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Drones for Good: Superhero UAVs Compete for $1 Million Prize


Despite their mushrooming popularity, drones are suffering from a bit of a PR problem of late — what with the drug smuggling and the flamethrowing and the tom peeping.

So it’s nice to see some news on the upside of drone utility. To wit, the finalists for the UAE Drones For Good Award were announced this week.

Now in its second year, the international competition is sponsored by the government of the United Arab Emirates and challenges entrants to “improve people’s lives and provide technological solutions to modern day issues,” according to the mission statement. The gist: Teams from around the planet submit their “good guy” drone projects for a chance at a $1 million dollar grand prize.

In other words, these are superhero drones, designed to counter the nefarious deeds of villainous drones and fight for truth, justice, and the, um, UAE way, I suppose.

Related: Feds to Washington D.C. Drone Enthusiasts: You’re Grounded

In any case, the concepts put forth by the 20 finalists — selected from more than 1,000 entries — are really quite empirically cool.

Take for instance the Loon Copter, developed by an engineering team in Michigan. Named after the famous diving duck, the Loon is really three drones in one — it’s capable of aerial flight, on-water surface operation, and underwater diving.

The Loon Copter could be useful, designers say, for marine research projects, tracking oil spills, or even crime scene investigations. The Loon could fly to the middle of a lake, land on the surface, then dive and use its underwater cameras to scan for evidence.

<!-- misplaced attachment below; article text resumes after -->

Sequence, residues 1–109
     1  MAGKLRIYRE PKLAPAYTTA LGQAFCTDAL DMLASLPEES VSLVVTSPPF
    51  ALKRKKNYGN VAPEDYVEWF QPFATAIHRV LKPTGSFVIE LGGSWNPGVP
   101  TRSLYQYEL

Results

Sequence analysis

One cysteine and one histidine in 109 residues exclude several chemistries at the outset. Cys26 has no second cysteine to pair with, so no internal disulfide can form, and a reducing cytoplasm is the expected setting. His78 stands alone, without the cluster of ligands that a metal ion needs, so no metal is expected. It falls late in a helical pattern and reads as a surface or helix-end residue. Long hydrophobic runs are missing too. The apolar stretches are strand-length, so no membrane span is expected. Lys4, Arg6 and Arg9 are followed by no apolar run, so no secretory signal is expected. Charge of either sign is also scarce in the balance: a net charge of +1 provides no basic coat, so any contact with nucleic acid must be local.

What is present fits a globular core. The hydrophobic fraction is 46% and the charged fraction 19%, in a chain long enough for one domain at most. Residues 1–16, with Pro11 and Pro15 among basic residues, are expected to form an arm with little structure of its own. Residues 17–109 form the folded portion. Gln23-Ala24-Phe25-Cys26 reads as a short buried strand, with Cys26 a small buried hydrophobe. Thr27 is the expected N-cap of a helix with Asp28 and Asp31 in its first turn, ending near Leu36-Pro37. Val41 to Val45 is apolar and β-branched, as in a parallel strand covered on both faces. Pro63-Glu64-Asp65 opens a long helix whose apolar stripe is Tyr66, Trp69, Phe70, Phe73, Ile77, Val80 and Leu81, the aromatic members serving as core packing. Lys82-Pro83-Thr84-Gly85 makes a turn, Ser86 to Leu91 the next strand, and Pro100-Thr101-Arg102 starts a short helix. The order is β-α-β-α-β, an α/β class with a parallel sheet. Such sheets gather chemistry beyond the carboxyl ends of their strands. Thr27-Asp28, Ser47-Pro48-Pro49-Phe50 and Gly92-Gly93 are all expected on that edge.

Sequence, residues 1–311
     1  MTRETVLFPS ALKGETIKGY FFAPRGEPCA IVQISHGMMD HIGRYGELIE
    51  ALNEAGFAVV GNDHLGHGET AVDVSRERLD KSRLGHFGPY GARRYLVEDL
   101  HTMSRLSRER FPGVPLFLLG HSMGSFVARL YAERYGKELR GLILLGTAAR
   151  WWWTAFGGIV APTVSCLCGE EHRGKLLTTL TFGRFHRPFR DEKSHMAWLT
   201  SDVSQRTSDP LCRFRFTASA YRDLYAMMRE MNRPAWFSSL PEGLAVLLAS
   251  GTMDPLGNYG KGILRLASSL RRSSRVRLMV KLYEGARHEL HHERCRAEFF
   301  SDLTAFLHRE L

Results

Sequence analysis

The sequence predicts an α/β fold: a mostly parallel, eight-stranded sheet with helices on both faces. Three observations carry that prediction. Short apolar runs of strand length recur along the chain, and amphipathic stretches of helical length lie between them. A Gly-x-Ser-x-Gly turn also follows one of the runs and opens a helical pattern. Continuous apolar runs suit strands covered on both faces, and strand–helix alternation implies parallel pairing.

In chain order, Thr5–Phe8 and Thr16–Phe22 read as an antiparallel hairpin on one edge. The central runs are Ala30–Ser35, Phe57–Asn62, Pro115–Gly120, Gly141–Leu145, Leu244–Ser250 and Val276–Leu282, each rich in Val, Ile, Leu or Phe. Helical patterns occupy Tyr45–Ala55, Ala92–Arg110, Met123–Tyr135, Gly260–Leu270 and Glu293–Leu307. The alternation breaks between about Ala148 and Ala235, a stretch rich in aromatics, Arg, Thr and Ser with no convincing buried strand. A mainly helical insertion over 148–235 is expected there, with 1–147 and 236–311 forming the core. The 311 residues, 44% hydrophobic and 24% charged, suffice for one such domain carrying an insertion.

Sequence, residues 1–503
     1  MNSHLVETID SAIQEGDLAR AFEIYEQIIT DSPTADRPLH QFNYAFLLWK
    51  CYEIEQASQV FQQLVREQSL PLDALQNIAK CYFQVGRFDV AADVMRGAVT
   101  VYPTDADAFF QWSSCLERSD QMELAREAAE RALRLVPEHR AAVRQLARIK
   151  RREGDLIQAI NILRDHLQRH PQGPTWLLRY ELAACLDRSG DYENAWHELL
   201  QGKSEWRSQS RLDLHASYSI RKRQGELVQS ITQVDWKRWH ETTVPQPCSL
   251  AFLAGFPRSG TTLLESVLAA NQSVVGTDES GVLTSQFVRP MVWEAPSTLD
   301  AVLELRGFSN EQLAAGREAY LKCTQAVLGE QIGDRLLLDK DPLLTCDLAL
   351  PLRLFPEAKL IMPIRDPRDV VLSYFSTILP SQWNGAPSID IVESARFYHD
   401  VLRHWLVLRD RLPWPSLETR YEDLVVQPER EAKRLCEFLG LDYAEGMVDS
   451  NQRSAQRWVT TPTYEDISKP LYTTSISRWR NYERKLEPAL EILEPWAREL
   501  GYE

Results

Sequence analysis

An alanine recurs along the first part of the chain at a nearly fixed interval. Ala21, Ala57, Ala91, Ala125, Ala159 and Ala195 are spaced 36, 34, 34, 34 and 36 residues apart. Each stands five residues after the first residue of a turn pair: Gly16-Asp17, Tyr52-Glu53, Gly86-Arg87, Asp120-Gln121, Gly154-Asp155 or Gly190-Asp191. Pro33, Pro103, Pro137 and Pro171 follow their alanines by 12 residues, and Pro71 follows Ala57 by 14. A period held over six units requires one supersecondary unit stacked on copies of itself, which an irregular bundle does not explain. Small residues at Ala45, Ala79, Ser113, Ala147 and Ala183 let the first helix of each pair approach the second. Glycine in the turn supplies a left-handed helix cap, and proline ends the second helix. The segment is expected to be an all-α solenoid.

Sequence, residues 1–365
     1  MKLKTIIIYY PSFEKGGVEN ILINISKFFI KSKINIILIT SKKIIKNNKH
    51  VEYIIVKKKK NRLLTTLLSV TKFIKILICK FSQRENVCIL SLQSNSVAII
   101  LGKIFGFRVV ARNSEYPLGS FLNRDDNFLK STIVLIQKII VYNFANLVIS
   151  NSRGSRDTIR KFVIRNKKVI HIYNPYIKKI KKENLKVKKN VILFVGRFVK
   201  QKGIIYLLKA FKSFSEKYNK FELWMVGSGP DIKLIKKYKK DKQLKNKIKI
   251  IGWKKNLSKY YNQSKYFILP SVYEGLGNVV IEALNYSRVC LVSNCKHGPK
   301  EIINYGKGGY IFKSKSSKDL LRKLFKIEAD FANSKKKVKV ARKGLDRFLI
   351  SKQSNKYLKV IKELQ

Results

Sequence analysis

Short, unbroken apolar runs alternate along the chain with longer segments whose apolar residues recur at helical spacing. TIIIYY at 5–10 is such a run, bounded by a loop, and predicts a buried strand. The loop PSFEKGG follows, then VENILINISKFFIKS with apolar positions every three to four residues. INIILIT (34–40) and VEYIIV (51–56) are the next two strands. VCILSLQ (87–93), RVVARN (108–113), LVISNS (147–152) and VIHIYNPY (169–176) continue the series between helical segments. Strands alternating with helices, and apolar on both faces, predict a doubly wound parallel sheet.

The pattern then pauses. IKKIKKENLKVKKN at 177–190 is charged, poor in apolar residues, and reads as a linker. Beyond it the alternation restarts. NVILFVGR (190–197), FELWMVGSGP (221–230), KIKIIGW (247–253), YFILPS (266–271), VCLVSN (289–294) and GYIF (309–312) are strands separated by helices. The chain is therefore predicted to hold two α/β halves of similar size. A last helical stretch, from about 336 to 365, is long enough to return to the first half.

Then there’s the Flare 2.0 drone, which takes the old idea of the flare gun into new territory. If you’re stranded in a remote area, away from any mobile phone coverage, the Flare flies away and finds the nearest mobile network. The drone then transmits an SOS along with GPS information on your location and any other details about your emergency.

The idea is to pack the drone into a kind of next-generation outdoor survival kit. The drone folds up, scissorlike, into a lightweight cylinder that can be fit into a backpack or otherwise taken on your expedition. The UAE design team behind the Flare was inspired by a recent camping-in-the-desert adventure gone sideways.

The SenseLab Research Group, based in Greece, has put forth a similar idea with its SaveME project, which takes things a step further. The team’s “phone-drone” concept is just that — a mobile phone outfitted with detachable rotors for situational heroics.


In a crisis scenario, your own mobile phone could take off to find help — like a 21st century Lassie — or even fly to the nearest hospital or pharmacy and fetch needed medication.

If you’re at all interested in the bright side of future drone technology, it’s a lot of fun to poke around the Drones for Good online pavilion and see what’s what. Among the categories these drone projects are competing in: Health, Environment, Economy, Education, and Humanitarian Aid.

Final winners of the 2016 competition will be announced February 7, with the top International Prize winner getting a cool US$1 million. That’ll help the old R&D budget along. You can check out a video compilation of last year’s Drones for Good competition below.

Glenn McDonald writes about the intersections of technology and culture at glenn-mcdonald.com and via Twitter @glennmcdonald1.